The Good Acre has been fortunate to find some schools and hospital groups that value local produce, but those are the exceptions to the rule. It remains a hard sell because the public doesn’t demand local foods from these groups. The interest in supporting local farms might be there, but demand is something very different. Demand is when we put money where our mouth is.
The farmers certainly bear responsibility for feeling out the market—after all, there’s no sense in growing tons of sustainable produce without a clear plan to sell it. Food hubs know that the only Apple that generates its own demand is in Cupertino, California, so they make a point of matching the market’s demands to a farmer’s capability early in the season.
“We’re all growing the same things in this area and the market can only handle so much of it,” says Tom Rodmyre, warehouse manager for Co-Op Partners, who supplies local produce to co-ops and health foods stores in five states. “So we reach out to farms starting in January and February, reaching out about what they’re thinking of growing, and we talk to them about what our needs are going to be.”
Then they’ll work with the farmers to anticipate a volume and set a price—a skill that a wholesaler like Co-Op Partners is very good at. (They’re often lumped in with area “food hubs” but they’re much larger and, not exclusively working with local produce, more akin to a traditional wholesaler.) And it should tell you everything you need to know about the market for local food when a traditional wholesaler can’t make the numbers work on local produce alone.
Food hubs can be a successful model, and a worthy addition to our food system as a whole, but it’s imperative for food hubs to diversify their sources of revenue to stay afloat. The Good Acre runs a CSA, rents out space in their coolers, and has a commercial kitchen space to rent out to small food companies and hold cooking classes. Co-Op Partners has a “cross-docking” program where they deliver local meats and other artisan products to co-ops for a small handling fee.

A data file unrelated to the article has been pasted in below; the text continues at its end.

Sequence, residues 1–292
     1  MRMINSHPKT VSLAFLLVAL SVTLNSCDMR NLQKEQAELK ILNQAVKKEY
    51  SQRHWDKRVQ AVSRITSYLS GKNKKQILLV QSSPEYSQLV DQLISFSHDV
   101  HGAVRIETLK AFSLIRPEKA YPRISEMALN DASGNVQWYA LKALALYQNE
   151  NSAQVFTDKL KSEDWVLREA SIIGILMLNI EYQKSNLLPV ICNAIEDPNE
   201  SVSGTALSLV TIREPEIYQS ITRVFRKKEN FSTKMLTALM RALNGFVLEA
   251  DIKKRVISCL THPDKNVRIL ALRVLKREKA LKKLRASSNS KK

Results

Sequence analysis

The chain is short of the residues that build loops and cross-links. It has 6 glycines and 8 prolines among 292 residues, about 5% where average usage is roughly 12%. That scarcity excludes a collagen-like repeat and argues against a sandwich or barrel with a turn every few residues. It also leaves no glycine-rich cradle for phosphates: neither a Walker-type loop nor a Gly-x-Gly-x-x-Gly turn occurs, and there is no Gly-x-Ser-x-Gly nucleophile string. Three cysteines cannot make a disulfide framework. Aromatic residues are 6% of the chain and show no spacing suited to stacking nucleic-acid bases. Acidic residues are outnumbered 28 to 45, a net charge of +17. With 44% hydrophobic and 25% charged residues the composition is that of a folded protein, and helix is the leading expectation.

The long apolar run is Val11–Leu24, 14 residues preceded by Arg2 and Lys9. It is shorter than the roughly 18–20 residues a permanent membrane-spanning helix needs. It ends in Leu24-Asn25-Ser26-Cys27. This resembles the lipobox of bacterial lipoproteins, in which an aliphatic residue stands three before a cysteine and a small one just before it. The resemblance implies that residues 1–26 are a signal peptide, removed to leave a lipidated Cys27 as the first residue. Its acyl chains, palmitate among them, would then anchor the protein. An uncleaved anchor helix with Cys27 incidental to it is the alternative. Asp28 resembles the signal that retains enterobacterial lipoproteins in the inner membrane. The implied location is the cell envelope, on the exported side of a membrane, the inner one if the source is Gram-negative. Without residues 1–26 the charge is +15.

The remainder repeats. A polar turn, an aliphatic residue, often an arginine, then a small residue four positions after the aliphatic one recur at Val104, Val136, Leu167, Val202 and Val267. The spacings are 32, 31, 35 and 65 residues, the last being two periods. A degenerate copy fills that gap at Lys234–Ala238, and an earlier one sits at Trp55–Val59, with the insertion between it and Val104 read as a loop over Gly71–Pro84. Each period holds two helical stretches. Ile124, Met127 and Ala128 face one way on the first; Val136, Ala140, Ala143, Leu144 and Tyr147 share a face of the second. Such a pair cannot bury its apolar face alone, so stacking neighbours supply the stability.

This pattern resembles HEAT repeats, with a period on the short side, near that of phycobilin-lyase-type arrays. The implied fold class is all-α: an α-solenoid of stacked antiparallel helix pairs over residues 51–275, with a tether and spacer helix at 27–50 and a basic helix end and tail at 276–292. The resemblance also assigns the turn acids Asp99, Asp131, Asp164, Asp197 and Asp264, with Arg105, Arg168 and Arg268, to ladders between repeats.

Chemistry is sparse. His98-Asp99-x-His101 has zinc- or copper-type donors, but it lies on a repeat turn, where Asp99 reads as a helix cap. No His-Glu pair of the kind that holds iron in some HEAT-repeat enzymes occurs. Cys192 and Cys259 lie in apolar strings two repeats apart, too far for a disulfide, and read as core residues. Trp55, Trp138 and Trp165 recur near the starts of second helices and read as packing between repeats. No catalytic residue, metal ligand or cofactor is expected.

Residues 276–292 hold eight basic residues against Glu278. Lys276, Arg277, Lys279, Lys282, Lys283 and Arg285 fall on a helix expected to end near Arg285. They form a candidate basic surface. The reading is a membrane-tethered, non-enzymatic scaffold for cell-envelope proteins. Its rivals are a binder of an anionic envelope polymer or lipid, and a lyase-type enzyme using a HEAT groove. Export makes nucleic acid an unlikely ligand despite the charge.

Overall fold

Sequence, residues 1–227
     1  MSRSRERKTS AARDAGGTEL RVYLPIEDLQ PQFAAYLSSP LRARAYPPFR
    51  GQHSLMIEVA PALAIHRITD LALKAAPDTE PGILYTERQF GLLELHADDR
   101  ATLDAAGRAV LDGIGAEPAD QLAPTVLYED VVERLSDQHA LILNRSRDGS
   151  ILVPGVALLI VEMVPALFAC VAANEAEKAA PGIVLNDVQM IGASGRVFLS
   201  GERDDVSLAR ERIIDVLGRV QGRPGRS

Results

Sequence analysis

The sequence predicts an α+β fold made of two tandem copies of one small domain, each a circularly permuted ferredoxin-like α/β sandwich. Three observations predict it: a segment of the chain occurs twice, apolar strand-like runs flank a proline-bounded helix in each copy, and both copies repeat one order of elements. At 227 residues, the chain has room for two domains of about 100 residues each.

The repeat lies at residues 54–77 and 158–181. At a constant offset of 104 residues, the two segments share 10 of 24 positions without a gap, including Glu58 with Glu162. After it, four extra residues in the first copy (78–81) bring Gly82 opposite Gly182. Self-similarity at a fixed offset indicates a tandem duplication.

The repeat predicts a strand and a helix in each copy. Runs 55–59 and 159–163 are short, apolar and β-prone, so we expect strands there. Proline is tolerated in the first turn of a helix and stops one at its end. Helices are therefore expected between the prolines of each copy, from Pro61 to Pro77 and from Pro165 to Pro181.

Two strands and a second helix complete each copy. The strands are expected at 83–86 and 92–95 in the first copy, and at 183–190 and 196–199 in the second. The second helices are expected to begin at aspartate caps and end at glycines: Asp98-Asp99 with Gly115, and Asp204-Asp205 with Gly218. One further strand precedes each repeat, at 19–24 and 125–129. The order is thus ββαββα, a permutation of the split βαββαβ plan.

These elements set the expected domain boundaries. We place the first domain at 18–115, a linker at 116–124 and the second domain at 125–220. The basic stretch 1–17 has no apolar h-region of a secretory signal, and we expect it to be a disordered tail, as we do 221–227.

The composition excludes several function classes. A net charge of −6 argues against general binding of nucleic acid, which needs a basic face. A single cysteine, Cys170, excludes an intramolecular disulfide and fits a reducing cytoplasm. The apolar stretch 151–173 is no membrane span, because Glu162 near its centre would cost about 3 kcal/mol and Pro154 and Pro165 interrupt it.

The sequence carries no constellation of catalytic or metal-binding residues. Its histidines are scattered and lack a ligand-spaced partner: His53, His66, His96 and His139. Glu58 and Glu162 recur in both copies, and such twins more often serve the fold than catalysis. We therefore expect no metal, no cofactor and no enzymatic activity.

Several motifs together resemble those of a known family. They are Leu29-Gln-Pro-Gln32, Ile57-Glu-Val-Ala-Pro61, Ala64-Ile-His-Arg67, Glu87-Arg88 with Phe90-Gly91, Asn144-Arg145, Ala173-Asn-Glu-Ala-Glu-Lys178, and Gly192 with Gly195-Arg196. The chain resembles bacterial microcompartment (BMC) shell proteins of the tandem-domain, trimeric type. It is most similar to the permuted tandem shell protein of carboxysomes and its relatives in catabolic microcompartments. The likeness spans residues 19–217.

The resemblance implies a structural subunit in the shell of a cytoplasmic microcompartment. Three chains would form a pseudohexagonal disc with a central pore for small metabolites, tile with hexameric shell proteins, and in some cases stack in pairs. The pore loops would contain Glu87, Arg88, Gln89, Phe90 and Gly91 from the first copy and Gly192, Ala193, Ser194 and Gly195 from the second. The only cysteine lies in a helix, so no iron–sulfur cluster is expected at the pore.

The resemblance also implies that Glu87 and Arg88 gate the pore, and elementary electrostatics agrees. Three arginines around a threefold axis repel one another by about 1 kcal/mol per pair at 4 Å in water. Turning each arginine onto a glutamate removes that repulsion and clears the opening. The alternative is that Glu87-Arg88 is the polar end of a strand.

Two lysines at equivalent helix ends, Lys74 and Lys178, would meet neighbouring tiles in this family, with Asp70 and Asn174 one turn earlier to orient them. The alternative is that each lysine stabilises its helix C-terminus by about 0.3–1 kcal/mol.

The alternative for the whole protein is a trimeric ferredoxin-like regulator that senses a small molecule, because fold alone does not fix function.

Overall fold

But in their quest to support local farmers, food hubs find themselves navigating through and hoping to change a multi-faceted food system—one that is highly competitive, saturated, and professional. Despite processing an incredible volume of food on terribly slim margins, our food system is broken, says the progressive party line. We overproduce, exploit farm workers, and don’t pay farmers enough. We subsidize unhealthy crops while making it harder for people to farm the right way.
That may all be true, but here’s the problem: the food system isn’t “broken” like an appliance might break. It’s quite the opposite—it’s doing exactly what we’ve asked it to do. If the public suddenly demanded nothing but local, organic produce, our food system would turn on a dime to make it happen. What it won’t do, however, is rearrange a multi billion-dollar industry to the tune of lip service. We can’t ask them to be thought leaders on their own dime.
For local food to truly grow, for those family farms to be secure in the future, they need much greater wholesale reach. For that, we need to demand that institutional buyers support the same people that we say we do. It may go against every non-confrontational-Minnesotan fiber of your being to stand up at a PTA meeting and ask for changes to your kid’s school lunches. But in truth, that could do a world more good for your farmer-neighbors than buying a $3 quart of tomatoes at the farmers’ market.
Back on the sorting floor at The Good Acre, I watch a manager and a few volunteers go over the finer points of a cucumber, and pecks of jalapenos are tumbled onto the sorting tables. On the loading dock, Hoch Orchard arrives with the first of the year’s apple harvest and buckets of dahlias appear from Flower Child Farm. Over in the kitchens, Fierce Ferments is breaking down cabbage for sauerkraut and Spruce Soda is carbonating their pony kegs.
There’s a diverse and dynamic group of sustainable farmers and purveyors ready to deliver local produce to every sector of our society. The question is, will we ever ask them to?